Those who believed that Beijing could ride out the issue till the November elections are having to redo their calculations. It’s clear now that whether the Congress is dominated by the Republicans or the Democrats, there will be little change in US policy with regard to China. This becomes clear from the language of the 2019 version of the National Defence Authorisation Act (NDAA), as well as the voting in both houses of Congress.

On 13 August, Trump signed the Act which had passed by overwhelming majorities in both Houses of Congress. The Bill declared, “long term strategic competition with China is a principal priority for the United States.” It authorised defence expenditure of $716 billion and called on the president to submit a report on the “whole of government” strategy of the US government with regard to China by 1 March 2019. The secretaries of defence and state have been asked to submit reports to relevant congressional committees on the military and coercive activities of the People’s Liberation Army in the South China Sea. The US government has been barred from using Huawei and ZTE equipment, the key Committee on Foreign Investment in the United States (CIFUS) has been strengthened.

Many now believe that Beijing underestimated Washington’s resolve in taking on China on the issue of trade and that their bigger failure was in not understanding that the issue actually went beyond trade, and that the US political elites are now united in seeing China as a “strategic competitor.”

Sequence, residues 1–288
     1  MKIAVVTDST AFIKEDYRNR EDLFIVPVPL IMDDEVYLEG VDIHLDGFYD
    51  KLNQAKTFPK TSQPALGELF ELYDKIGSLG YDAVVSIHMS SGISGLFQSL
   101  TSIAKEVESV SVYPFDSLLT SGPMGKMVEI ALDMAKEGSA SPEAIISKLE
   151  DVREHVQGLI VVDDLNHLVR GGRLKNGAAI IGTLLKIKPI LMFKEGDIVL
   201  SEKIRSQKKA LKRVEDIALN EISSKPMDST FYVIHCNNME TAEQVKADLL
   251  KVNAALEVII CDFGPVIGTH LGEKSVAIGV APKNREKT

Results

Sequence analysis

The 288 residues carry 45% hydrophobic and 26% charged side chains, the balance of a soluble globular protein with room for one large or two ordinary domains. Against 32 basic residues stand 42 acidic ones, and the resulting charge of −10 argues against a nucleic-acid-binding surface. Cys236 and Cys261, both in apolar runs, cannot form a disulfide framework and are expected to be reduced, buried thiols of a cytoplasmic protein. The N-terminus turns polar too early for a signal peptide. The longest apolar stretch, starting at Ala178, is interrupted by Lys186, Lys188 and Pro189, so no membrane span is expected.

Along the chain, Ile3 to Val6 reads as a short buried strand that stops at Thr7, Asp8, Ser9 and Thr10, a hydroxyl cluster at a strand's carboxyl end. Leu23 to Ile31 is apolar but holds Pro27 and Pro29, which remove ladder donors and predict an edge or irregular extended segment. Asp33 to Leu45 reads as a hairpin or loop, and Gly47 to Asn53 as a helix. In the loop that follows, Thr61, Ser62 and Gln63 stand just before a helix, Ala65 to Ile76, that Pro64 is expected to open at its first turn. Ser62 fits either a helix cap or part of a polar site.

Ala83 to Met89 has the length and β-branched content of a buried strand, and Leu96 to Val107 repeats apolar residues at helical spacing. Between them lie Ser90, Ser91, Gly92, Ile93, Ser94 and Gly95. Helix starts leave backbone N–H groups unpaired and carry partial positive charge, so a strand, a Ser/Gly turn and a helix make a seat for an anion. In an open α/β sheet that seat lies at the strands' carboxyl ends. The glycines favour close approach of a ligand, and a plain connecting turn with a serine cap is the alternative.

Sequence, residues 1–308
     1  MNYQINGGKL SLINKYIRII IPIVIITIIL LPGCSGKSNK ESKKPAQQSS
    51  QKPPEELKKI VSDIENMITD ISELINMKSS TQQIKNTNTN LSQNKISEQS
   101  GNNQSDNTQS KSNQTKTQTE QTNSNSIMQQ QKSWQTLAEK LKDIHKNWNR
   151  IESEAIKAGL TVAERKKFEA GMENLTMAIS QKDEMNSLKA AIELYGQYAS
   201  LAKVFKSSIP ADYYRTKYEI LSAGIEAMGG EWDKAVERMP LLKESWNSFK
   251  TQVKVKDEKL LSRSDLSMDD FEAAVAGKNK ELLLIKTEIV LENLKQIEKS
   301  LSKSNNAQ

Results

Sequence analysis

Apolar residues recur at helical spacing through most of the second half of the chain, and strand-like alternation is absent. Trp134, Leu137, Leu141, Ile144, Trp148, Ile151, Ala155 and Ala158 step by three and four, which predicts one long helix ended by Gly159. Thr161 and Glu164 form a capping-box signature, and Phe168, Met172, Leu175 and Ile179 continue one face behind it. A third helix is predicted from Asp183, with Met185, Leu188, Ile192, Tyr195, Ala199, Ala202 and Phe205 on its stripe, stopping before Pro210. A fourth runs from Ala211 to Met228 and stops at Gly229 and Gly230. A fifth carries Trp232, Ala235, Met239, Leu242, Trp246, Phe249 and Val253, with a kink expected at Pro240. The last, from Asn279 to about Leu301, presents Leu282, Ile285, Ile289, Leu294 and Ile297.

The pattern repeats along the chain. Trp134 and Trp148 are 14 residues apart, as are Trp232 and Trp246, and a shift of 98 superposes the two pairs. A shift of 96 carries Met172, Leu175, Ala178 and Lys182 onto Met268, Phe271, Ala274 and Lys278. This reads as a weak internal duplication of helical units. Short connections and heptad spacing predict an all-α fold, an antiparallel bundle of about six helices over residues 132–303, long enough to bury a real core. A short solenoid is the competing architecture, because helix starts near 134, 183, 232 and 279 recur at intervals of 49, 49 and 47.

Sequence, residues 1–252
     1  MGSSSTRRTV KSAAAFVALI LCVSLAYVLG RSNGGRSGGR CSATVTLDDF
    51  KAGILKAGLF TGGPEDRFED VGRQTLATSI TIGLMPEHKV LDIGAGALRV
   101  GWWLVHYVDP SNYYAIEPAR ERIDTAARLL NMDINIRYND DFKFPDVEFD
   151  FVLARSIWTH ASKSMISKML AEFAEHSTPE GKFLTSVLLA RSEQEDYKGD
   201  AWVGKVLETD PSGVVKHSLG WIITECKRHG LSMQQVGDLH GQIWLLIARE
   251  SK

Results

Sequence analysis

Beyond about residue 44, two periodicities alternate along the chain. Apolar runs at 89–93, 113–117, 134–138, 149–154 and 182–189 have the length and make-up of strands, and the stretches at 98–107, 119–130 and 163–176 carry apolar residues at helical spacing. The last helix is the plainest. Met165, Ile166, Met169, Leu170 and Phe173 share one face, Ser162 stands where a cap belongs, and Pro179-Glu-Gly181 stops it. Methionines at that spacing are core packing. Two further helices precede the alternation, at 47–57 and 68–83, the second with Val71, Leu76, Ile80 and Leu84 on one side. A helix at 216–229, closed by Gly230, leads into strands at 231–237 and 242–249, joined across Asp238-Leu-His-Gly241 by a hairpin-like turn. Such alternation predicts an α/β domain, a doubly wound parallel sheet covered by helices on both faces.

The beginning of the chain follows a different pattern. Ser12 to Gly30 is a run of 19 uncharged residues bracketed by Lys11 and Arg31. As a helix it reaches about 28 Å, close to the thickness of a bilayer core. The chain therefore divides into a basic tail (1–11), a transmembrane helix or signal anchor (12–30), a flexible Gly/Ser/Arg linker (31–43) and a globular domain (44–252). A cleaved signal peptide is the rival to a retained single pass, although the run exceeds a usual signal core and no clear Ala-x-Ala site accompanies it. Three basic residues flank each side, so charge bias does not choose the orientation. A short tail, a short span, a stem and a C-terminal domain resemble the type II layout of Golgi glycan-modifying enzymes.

In an article in People’s Daily, Long Guoqiang, vice president of the State Council’s Development Research Centre, has called for “strategic patience” on the part of China. In a commentary in People’s Daily, Long said that this was not just about the US gaining more economic benefits, but an “important strategy to contain China.” Long’s comments come in the wake of similar articles in the Chinese media and an editorial on 10 August declaring that the trade war was part of the US’s containment strategy. The idea that trade is just one of a multi-pronged strategy to “thwart China’s rise” has now probably become the official consensus view in Beijing.

Meanwhile, China watchers who were caught up in rumours of Xi’s declining influence and stability in the last few months are eating crow. Since reappearing from the summer party seniors’ retreat in Beidaihe on 16 August, Xi has held four major high-level meetings, beginning with one with the PLA brass, followed by an important first meeting of a commission dealing with propaganda and ideology. The third meeting last week dealt with law and order and deepening reforms, and finally last Monday, Xi chaired a meeting on the Belt and Road Initiative signalling that China intended to stay the course on his signature foreign policy venture.

This commentary originally appeared on The Wire.

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Manoj Joshi

Manoj Joshi

Manoj Joshi is a Distinguished Fellow at the ORF. He has been a journalist specialising on national and international politics and is a commentator and ...